In unreported analysis, we show that these announcements represent the most important information events in the U.S. Treasury Market, i.e., the only ones having a statistically significant impact on day-to-day bond yield changes, consistent with Fleming and Remolona (1997), among others.
10

12

we use all the announcements for which the measure SSDP t is available in our sample (i.e., those underlined in Table 2). The standardization in Eq. (7) is necessary because, as we mentioned earlier, units of measurement differ across economic variables. We use the monthly dispersion estimates from these three methodologies to classify days in which the corresponding monthly variable SSDP t is above (below) the top (bottom) 70th (30th ) percentile of its empirical distribution as days with high (low) information heterogeneity. The resulting time series of high (+1) and low (−1) dispersion days are positively correlated: Their correlations (not reported here) range from 0.37 (between the Payroll-based series, P = 1, and the series constructed with the influential announcements, P = 7) to 0.70 (between the series using all announcements, P = 18, and the one based only on the influential news releases, P = 7). Finally, we report in Table 3 the differences in the mean daily number of transactions (N Tt ) in the two, five, and ten-year Treasury bond markets across days with high (bh ) and low (bl ) dispersion of beliefs measured with the three alternative methods described above. The corresponding t statistics are computed using Newey-West standard errors, because Table 1 shows that the number of daily transactions is positively autocorrelated. Consistent with Griffith, Smith, Turnbull, and White (2000) and Ranaldo (2004), among others (but also with the spirit of the model of Section 2), we interpret a big (small) number of daily transactions as a proxy for a high (low) degree of trading aggressiveness. The ensuing differences are economically and statistically significant: fewer transactions take place in high dispersion days than in low dispersion days (i.e., bh − bl < 0). Consistently, Spearman correlations between NTt and either SSD1t , SSD7t , or SSD18t (not reported here) are always negative for all maturities and mostly statistically significant. This evidence provides support for the basic intuition of our model and gives us further confidence in the heterogeneity proxies of Eq. (7), since it suggests that, in the government bond market, periods of greater dispersion of beliefs among market participants are accompanied by more cautious speculative trading activity, as argued in Section 2.1.1. 3.2.3 News or Noise?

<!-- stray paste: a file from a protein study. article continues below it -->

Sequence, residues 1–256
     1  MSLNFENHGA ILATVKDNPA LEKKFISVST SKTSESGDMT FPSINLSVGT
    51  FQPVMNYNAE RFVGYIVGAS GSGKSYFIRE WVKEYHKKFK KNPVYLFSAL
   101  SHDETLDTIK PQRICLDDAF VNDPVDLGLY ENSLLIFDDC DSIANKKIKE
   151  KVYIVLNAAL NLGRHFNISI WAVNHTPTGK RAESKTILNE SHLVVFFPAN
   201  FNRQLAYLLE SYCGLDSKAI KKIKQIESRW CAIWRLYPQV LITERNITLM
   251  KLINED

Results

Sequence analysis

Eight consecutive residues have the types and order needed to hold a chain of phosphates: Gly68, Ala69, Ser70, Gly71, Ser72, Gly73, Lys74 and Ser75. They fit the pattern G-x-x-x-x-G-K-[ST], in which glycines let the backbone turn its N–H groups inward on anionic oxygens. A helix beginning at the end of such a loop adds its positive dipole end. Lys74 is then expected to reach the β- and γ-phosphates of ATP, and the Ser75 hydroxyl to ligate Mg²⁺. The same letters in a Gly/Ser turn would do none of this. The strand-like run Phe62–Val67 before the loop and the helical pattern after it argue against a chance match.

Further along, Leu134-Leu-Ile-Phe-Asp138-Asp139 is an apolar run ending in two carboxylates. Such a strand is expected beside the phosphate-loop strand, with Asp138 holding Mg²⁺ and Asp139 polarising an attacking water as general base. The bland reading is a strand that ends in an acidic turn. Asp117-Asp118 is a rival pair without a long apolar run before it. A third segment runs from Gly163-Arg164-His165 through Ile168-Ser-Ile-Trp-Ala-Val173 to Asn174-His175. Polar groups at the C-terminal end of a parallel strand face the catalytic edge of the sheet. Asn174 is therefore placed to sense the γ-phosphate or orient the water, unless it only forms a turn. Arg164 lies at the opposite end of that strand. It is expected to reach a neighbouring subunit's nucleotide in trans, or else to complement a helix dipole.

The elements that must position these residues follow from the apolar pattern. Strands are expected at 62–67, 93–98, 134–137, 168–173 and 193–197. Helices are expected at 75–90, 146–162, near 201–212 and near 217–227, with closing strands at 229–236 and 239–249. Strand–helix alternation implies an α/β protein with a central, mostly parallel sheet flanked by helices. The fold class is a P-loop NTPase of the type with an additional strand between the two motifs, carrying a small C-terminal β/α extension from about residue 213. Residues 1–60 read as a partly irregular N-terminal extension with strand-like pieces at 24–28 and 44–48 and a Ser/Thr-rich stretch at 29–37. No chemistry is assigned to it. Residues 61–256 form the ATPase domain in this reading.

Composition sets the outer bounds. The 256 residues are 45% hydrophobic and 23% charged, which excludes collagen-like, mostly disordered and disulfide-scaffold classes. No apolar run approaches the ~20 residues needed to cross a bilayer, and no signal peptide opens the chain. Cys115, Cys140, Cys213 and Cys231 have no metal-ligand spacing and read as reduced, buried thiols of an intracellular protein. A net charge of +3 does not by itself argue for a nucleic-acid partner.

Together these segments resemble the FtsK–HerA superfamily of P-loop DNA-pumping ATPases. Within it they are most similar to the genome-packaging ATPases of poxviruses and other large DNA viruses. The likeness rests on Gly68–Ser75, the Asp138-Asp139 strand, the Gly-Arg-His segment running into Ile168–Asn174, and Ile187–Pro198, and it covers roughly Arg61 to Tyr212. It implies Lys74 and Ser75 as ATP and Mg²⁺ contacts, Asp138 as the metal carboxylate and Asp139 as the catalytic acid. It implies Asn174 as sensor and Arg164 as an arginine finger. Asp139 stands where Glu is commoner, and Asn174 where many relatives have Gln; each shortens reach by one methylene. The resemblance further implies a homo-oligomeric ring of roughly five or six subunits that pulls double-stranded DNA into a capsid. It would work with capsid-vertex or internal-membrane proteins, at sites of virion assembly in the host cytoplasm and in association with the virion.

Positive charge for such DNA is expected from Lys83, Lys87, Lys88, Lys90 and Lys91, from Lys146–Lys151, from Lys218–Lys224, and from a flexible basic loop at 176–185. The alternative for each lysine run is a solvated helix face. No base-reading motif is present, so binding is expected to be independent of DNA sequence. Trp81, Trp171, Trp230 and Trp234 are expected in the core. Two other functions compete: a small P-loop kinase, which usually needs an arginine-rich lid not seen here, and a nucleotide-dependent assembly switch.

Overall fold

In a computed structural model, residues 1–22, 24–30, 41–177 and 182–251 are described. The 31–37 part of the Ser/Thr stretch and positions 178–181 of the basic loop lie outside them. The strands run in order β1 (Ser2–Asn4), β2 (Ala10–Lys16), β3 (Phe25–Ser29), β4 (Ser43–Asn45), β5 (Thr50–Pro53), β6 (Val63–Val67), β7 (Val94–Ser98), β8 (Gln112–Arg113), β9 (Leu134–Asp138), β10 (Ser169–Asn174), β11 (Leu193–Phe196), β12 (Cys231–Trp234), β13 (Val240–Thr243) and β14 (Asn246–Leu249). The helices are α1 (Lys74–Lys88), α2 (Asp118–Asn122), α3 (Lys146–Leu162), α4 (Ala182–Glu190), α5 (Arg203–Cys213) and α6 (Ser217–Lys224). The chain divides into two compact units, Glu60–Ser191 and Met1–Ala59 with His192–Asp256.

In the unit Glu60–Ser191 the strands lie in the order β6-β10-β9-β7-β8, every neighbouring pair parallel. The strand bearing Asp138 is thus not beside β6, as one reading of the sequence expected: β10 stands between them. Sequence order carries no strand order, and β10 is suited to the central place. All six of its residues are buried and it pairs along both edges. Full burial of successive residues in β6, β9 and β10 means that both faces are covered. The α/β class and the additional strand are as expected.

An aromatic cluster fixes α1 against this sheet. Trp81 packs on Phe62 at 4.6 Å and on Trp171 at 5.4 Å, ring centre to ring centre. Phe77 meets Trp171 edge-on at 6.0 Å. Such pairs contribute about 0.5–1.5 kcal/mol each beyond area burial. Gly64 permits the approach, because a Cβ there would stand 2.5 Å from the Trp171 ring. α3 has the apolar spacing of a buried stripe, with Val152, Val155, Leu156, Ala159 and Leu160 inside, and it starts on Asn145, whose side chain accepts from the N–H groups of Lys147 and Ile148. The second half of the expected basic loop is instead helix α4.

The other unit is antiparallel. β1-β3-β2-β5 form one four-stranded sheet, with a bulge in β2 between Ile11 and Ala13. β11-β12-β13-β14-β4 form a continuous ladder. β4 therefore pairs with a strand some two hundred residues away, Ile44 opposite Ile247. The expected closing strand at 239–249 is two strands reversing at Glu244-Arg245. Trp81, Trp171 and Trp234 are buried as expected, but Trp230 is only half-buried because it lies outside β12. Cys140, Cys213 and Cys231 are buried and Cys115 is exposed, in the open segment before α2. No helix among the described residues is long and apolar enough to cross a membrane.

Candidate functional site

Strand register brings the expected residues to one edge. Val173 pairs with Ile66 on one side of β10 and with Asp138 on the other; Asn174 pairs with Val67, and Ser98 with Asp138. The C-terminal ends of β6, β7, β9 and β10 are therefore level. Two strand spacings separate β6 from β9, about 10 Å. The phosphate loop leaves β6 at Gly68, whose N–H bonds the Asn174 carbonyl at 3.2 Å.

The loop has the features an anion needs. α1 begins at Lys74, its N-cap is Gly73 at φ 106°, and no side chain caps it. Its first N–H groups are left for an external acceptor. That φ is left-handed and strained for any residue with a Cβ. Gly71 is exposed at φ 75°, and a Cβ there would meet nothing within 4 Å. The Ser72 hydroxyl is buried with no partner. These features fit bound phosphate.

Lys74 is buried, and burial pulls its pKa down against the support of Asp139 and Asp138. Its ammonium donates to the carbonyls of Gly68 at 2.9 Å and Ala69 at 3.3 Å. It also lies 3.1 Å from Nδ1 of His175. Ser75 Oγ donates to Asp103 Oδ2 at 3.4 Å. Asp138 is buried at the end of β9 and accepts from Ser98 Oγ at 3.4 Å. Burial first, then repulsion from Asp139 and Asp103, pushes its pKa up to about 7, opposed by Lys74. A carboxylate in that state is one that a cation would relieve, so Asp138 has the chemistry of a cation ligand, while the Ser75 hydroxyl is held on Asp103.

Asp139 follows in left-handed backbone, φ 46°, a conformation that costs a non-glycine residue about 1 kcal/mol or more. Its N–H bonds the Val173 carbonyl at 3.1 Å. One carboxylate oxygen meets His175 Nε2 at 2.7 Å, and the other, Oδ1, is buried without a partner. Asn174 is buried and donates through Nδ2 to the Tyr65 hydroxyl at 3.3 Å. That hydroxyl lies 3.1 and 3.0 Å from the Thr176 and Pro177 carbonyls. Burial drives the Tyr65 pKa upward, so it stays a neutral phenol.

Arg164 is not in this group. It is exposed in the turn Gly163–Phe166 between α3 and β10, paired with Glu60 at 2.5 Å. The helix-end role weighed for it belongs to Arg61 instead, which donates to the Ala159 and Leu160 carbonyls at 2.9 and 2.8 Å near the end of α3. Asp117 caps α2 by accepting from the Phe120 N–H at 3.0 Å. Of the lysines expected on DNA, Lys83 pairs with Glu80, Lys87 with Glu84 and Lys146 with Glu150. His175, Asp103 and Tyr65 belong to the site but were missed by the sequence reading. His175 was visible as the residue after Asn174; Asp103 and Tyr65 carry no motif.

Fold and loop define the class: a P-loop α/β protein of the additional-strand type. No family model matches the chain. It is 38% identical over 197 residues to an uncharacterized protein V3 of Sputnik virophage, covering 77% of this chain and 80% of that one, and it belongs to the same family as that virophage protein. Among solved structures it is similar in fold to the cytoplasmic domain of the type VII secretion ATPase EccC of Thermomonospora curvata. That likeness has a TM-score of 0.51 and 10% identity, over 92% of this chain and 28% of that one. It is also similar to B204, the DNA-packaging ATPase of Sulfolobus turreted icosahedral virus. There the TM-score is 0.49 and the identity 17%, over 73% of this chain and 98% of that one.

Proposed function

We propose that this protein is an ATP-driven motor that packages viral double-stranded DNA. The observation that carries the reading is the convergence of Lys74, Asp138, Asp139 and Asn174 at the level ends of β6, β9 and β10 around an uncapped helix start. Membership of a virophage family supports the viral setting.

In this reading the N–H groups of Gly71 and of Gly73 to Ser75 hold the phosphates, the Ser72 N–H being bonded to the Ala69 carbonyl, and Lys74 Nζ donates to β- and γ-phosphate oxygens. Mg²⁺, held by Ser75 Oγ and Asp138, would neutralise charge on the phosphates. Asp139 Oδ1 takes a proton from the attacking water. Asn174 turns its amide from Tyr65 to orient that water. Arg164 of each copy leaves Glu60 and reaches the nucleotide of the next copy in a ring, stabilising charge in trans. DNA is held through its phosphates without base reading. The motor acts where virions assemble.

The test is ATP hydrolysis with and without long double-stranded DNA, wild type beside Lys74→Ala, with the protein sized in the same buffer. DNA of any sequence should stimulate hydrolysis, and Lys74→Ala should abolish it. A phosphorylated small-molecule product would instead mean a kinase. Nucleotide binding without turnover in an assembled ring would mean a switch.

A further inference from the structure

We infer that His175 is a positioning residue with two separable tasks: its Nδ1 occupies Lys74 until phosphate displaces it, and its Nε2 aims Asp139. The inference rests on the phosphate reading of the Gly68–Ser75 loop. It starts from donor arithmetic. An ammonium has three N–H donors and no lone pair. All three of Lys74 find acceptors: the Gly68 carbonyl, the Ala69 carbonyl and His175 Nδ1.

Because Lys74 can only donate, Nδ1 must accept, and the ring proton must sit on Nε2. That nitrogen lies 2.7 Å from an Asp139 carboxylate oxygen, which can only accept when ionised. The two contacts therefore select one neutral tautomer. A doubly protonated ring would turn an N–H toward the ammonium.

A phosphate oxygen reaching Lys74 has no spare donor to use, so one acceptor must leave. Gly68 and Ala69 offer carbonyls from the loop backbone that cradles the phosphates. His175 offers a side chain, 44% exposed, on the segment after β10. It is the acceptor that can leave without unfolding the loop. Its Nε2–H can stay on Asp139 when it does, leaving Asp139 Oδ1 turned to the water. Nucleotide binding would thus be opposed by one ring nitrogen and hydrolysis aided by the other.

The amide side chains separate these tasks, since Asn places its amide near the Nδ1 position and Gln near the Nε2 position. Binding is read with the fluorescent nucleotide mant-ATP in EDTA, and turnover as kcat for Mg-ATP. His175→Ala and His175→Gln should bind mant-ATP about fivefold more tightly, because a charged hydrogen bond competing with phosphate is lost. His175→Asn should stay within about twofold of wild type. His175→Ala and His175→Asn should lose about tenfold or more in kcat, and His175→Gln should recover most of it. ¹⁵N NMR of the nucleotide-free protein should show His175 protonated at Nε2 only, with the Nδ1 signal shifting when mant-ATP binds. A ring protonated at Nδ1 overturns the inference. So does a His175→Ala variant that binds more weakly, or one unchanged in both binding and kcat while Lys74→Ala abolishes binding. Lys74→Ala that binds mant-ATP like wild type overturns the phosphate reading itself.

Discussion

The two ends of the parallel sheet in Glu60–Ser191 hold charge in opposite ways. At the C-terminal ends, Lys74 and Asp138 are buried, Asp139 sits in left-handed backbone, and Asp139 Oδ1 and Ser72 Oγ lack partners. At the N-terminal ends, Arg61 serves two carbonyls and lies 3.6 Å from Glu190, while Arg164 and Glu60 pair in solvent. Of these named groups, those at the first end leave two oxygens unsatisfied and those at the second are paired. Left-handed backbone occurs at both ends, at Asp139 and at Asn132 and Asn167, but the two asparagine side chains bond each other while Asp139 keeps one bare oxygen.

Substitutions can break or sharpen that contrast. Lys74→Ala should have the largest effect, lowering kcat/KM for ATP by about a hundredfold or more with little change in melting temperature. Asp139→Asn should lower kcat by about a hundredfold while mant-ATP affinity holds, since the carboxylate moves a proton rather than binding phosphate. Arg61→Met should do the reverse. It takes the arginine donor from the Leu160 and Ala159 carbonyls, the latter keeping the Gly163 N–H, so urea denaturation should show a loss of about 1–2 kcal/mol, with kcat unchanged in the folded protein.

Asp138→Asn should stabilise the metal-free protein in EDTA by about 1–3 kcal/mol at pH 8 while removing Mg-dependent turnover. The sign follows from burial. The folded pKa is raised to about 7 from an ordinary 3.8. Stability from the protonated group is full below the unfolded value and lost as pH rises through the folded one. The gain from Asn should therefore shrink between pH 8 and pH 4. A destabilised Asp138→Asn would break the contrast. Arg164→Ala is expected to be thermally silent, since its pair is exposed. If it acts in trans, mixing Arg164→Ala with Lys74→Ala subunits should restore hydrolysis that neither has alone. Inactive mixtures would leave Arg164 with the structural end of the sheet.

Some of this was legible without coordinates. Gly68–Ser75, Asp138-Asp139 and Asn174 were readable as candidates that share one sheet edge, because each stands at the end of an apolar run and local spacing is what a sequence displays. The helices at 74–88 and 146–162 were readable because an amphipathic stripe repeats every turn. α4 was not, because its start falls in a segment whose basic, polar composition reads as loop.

The U.S. government often revises previously released macroeconomic information. Aruoba (2004) identifies these data revisions as either “informative,” i.e., due to newly available information, or “uninformative,” i.e., due to definitional changes (such as changes in the base-year or changes in seasonal weights). In this paper, we use the former revisions to measure public signal noise. Specifically, we use the Federal Reserve Bank of Philadelphia “Real Time Data Set” (RTDS), which records not only real-time macroeconomic announcements but also their subsequent revisions.11 Of the 18 announcements in Table 2 for which MMS forecasts are available, the RDTS contains monthly data on Capacity Utilization, Industrial Production, and Nonfarm Payroll Employment report. The only variable undergoing “uninformative” changes over the sample